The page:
The City Observer  July, 2012

 

The Story of Thornby

 

Lake Helen resident Betty O'Laughlin didn't plan to be part of a book when she spoke at a Deltona city commission hearing in 2004. After all, as a Sierra Club member, she was used to speaking out about inappropriate development at public hearings all over the county. What she didn't know then, was that the pristine piece of old Florida known as the historic Thornby property -- the subject of a planned land use change that would squeeze hundreds of condominiums onto its wet, wooded landscape -- was special.

 

In 2001, "Save Thornby" became the rallying cry that awoke and united the once-famous Central Florida community of Enterprise. As most West Volusians know, Enterprise on the St. Johns River was Volusia's first county seat. After the Civil War and into the early 20th century, Enterprise was a hub for steamship travel to and from Jacksonville and site of the prestigious Brock House Hotel. It was a prime winter destination for thousands of tourists, from regular folks to the rich and famous like Harriet Beecher Stowe and Grover Cleveland, who enjoyed its mineral springs, massive trees, sparkling lakeshore, hunting and fishing. When Enterprise lost the county seat to DeLand in the late 1800s, however, hard times began. Citrus freezes and the decline in river travel settled Enterprise into a sleepy existence. The once "Happy Little Town" on the north shore of Lake Monroe (as described by an 1891 Jacksonville newspaper) was off the radar screen for most -- but not for everyone. 

 

Enterprise's rebirth as an involved, spirited town began in 2000, when the Thornby property,its heart both geographically and historically, was under threat. Its 40 waterfront acres had been owned by Dr. and Mrs. James H. Glass from Utica, NY, who enjoyed it as their winter home for many years. After their deaths, a local resident named Doris Faber, who had been much like a surrogate daughter, was allowed to stay on. "Miss Doris" as she was widely known, opened her home and heart to hundreds of local kids over the years. Raised in the Florida Methodist Orphanage, she loved people, especially children. In return, the kids got to be part of days at Thornby filled with animals, gardens, fruit trees, springs, ancient oaks and plenty of "tough love." It was a magical experience that many still recall fondly.

 

After Doris Faber's death, the heirs of Dr. and Mrs. Glass, who lived in the New Jersey area, wanted to sell the land and the 80-year old home; however, they decided that its county allowed land use of one residence per acre would not provide them with adequate profits from a potential developer. They hired a lawyer and began lobbying Volusia County to change the land use to a more intense build-out. When the county refused, the owners annexed the property into the city of Deltona in 2001.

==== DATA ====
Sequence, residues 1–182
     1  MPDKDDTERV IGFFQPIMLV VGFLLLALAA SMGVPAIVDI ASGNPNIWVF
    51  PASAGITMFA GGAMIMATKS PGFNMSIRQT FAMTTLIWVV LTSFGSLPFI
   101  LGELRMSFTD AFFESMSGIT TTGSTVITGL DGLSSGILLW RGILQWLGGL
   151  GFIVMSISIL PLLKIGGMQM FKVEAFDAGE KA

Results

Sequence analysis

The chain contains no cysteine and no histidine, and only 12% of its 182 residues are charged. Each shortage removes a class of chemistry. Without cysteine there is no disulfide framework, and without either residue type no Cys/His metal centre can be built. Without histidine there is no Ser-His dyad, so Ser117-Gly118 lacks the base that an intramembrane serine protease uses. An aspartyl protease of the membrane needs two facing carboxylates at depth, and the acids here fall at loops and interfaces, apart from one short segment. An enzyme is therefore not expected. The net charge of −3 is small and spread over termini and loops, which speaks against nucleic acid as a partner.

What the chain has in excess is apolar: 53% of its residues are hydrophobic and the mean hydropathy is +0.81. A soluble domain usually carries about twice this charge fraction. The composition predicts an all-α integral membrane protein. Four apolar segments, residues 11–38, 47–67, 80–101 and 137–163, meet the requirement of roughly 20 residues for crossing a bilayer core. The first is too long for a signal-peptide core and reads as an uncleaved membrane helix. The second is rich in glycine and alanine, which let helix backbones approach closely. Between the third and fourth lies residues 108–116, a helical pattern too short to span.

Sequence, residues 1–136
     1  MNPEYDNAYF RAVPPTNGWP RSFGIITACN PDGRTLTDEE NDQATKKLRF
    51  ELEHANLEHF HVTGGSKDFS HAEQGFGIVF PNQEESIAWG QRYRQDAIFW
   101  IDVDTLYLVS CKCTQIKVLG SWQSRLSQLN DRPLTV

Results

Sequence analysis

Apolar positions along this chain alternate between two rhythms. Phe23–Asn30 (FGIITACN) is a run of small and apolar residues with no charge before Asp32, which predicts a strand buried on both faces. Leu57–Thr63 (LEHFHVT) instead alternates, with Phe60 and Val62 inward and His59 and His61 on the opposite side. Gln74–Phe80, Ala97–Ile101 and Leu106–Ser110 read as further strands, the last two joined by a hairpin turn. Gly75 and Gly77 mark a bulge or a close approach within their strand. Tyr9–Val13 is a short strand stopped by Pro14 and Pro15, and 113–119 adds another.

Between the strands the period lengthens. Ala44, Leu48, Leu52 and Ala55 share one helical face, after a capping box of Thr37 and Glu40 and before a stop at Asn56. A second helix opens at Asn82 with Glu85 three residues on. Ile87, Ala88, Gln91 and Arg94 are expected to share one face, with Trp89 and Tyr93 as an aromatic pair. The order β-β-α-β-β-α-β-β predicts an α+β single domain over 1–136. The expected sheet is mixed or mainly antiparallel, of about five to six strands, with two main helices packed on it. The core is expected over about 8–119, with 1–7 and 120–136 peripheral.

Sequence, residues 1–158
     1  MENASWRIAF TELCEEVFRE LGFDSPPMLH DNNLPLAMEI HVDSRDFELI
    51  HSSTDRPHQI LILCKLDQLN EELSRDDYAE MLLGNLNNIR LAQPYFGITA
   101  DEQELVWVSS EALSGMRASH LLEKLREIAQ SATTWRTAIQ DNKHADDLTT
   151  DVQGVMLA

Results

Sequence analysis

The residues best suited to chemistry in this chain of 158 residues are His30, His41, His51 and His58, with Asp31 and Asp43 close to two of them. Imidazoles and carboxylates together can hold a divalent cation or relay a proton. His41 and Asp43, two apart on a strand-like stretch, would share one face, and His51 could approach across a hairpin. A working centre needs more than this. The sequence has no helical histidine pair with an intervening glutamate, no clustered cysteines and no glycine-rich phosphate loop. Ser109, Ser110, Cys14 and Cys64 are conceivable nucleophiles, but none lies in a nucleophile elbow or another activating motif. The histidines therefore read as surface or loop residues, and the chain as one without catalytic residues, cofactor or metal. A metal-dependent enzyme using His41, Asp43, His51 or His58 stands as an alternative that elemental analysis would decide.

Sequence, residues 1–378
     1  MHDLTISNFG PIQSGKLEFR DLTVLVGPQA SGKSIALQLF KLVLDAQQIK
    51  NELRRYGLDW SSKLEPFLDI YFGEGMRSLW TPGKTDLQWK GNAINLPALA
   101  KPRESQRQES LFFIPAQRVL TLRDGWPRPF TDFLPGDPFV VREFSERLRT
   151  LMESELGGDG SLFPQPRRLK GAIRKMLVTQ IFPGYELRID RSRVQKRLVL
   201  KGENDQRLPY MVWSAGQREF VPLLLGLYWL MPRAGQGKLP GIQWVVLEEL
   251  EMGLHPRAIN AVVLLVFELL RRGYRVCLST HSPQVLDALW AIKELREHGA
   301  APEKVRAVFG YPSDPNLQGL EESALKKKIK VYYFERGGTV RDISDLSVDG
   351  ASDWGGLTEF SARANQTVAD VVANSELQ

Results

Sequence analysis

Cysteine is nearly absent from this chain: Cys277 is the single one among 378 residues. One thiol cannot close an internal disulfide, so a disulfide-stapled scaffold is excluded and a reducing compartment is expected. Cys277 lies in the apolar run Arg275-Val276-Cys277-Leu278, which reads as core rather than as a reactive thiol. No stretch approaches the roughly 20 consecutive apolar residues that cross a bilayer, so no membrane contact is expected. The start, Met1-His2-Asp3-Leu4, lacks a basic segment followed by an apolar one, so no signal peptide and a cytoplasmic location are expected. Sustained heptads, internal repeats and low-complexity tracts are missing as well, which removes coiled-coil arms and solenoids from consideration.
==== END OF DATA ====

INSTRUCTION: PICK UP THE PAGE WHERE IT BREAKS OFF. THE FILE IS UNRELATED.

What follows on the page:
Thus begins the next part of Thornby's story. When the "Friends of Thornby" grassroots group of Enterprise and Deltona residents took on the challenges of opposing a drastic land use change, we had no way of knowing that the struggle would consume nine years, 11 public hearings, and four elections. Along the way, we encountered arson, hurricanes and political chicanery. There were personal attacks against us, and elected officials who supported us, on websites and even on t-shirts. 

 

The story of Thornby has a happy ending. Today, Thornby Park stands where we argued against strip shopping. Oak, cypress and magnolia, some estimated to be 300 years old, grace the land on which it was once proposed to hold 250 condos, a swimming pool and a clubhouse. The remains of an Indian midden and an old railroad spur dot the peaceful, green woods. And Betty O'Laughlin was one of hundreds of ordinary citizens whose efforts made it happen. 

 

I wrote "The Story of Thornby" for several reasons: to prove that you CAN "fight city hall;" to document the "David and Goliath" story that led to Thornby Park; to provide tips for those who might face their own land-use battles; and to share our area's rich history with those who want to know more.

 

More details are on my website: www.thestoryofThornby.com, where the book can be purchased online. It's also available at The Muse Bookshop, Family Book Store, and the West Volusia Historical Society gift shop, all in DeLand and all listed on the website.

 

Sandra Walters, Enterprise, FL